Many rural families depend upon the remittances sent by their family members from countries such as the Middle East, Afghanistan, Iraq, Israel, Malaysia and South Korea. At least three million Nepalese are living abroad.
That presents an entirely different problem in terms of rebuilding, with so many of the male members of households away from home, leaving the wives and mothers they left behind more vulnerable in a disaster.
Every day about 1,500 people leave Nepal for nearby job opportunities as migrant workers, most of whom are male. It has affected female household members living in rural areas significantly, overburdening them with extra responsibilities that they often have to handle on their own, such as raising children while also looking after the agriculture land.
This makes the recovery extra hard, whatever the finally economic toll.
Assessing the damage
The US Geological Survey estimated that the economic losses from the earthquake will most likely be US$1 billion to $10 billion but may tally tens of billions more. It said there’s a 13% probability that the devastation could reach more than $100 billion. That compares with Nepal’s $19.2 billion GDP.
Other estimates have been a little more conservative. Rajiv Biswas, the chief economist for the Asia-Pacific region at US-based consultancy IHS, put the cost to rebuild at $5 billion over five years, the Wall Street Journal reported.
By comparison, Typhoon Haiyan, which struck the Philippines in 2013, caused $10 billion in economic damage, while Haiti’s 2010 earthquake resulted in $8 billion in costs, according to the WSJ.
How much foreign aid pours in will be key to whether Nepal is able to cover such high costs to restore so much devastated roads, utilities and other infrastructure.
So far the Asian Development Bank has pledged $200 million, while dozens of governments and aid organizations have promised or donated tens of millions more. The speedy response offers hope there will be enough aid to repair the damage.
Response and preparedness
It’ll be some weeks before we know the full scale of the costs from this disaster, whether in terms of lives lost or economic damage. But we do know both will be very high. They could have been lower, however, if the government had been better prepared, particularly in terms of building more robust infrastructure and ensuring houses could withstand earthquakes.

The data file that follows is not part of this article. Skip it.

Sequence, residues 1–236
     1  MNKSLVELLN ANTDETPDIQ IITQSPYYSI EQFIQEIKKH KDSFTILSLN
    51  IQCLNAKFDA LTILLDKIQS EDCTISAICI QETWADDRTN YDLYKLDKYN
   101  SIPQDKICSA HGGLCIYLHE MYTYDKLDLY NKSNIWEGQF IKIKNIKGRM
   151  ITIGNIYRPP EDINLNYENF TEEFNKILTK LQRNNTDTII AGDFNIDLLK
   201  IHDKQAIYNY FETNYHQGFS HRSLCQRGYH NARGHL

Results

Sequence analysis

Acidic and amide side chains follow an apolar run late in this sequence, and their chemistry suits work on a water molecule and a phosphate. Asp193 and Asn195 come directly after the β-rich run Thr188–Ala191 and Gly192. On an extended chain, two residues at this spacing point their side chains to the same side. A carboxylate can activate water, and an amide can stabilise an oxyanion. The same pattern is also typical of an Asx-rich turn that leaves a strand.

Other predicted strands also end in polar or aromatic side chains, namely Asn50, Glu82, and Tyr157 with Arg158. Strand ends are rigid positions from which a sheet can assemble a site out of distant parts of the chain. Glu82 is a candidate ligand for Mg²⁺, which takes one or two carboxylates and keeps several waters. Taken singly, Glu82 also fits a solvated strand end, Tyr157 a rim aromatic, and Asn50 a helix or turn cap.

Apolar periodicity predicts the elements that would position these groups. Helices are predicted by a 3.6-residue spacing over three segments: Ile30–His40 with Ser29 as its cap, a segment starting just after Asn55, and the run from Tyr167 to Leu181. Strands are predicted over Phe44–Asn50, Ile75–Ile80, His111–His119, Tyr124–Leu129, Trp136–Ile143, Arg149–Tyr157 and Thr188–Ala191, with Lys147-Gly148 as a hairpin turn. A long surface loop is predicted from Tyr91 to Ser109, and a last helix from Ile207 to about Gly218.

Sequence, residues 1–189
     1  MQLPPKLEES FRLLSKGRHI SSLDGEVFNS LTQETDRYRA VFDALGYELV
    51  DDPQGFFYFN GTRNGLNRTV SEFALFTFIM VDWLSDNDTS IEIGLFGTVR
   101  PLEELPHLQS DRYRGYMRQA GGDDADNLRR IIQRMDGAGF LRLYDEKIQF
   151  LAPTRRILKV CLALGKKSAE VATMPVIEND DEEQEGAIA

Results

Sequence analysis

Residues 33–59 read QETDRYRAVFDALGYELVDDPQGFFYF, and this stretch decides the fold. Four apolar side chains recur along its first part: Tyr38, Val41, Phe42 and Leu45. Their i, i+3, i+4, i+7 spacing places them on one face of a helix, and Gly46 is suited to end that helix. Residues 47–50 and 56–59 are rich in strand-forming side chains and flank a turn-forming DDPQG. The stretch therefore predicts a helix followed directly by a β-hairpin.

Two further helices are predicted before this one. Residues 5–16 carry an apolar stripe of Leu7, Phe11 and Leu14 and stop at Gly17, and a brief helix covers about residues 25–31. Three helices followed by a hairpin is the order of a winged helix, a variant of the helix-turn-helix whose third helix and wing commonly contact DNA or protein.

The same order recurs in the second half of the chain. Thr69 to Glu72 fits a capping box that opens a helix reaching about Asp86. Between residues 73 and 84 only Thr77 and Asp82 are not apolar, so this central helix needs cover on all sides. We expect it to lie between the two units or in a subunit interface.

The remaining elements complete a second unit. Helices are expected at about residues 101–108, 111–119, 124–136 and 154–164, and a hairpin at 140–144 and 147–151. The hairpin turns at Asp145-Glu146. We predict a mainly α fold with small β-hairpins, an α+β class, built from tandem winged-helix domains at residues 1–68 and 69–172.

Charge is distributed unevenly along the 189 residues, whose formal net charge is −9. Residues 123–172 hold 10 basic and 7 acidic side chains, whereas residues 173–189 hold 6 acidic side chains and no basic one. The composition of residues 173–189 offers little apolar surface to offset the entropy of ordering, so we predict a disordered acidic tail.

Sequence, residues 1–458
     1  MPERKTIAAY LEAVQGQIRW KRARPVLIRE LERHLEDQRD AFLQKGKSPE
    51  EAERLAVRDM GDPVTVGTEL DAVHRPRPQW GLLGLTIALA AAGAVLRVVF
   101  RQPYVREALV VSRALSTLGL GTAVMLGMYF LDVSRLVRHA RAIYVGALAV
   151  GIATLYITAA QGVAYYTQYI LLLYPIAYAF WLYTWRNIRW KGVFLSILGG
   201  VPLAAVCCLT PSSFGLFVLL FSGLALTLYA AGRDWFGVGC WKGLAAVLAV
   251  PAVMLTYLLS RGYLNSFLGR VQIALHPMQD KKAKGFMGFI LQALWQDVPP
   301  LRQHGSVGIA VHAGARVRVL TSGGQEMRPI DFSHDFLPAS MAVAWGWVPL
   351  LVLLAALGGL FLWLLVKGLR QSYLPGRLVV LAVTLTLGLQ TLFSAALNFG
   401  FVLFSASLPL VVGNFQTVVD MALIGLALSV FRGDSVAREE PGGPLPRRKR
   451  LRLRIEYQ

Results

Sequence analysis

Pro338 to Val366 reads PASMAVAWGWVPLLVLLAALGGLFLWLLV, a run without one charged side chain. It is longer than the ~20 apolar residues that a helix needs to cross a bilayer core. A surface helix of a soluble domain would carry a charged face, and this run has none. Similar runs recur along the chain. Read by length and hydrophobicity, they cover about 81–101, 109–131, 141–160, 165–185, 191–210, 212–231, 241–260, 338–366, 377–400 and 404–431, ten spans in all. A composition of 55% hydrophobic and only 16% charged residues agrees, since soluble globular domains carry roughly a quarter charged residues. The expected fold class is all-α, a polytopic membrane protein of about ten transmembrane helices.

The government of Nepal has known about this impending disaster for a long time. Many workshops were taking place in Kathmandu around the idea of earthquake preparedness, but little was being done.
Nepal’s messy politics has also hampered the response. The government should have immediately set up a command center and assigned a coordinator to oversea the rescue effort, such as a young, energetic and experienced army general. Instead foreign countries have spearheaded the sometimes uncoordinated efforts. Many are working very hard to pull through this crisis, and it is still not too late to do so.
Opportunities and hope
Historically, the two neighbors – India and China – were seen as rivals in terms of dealing with Nepalese affairs. In this case, both of them were among the first responders to lend support. This could spark a new era of regional cooperation and economic partnership for Nepal.
That is, instead of getting hung up on a China versus India type rivalry mentality, Nepal should reach out to both for a trilateral cooperative agreement. I proposed this back in 2010 as the Trans-Himalayan Economic Cooperation Agreement. Many others have shown support for such a cooperative agreement and have urged Nepal to move in that direction.
Nepal has much to offer in terms of its hydro-power potential, tourism, and highway linkages between China and India, opening up new markets for all three parties. And of course Nepal itself would gain significantly from the increased investment from both countries, particularly now.
Nepalese are a very resilient people. They may appear modest and humble, but they are like their mountains – rugged, tough and amazing survivors. They’re known for their Gurkhas warriors, Sherpa mountain climbers and generous contribution to United Nations peacekeeping forces (seventh most in the world, despite its small size).
Nepal is also known as the land of enlightenment and the birthplace of the Buddha (in 600 BC), the messenger of peace. Endowed with these virtues and characters, the country of Nepal will bounce back.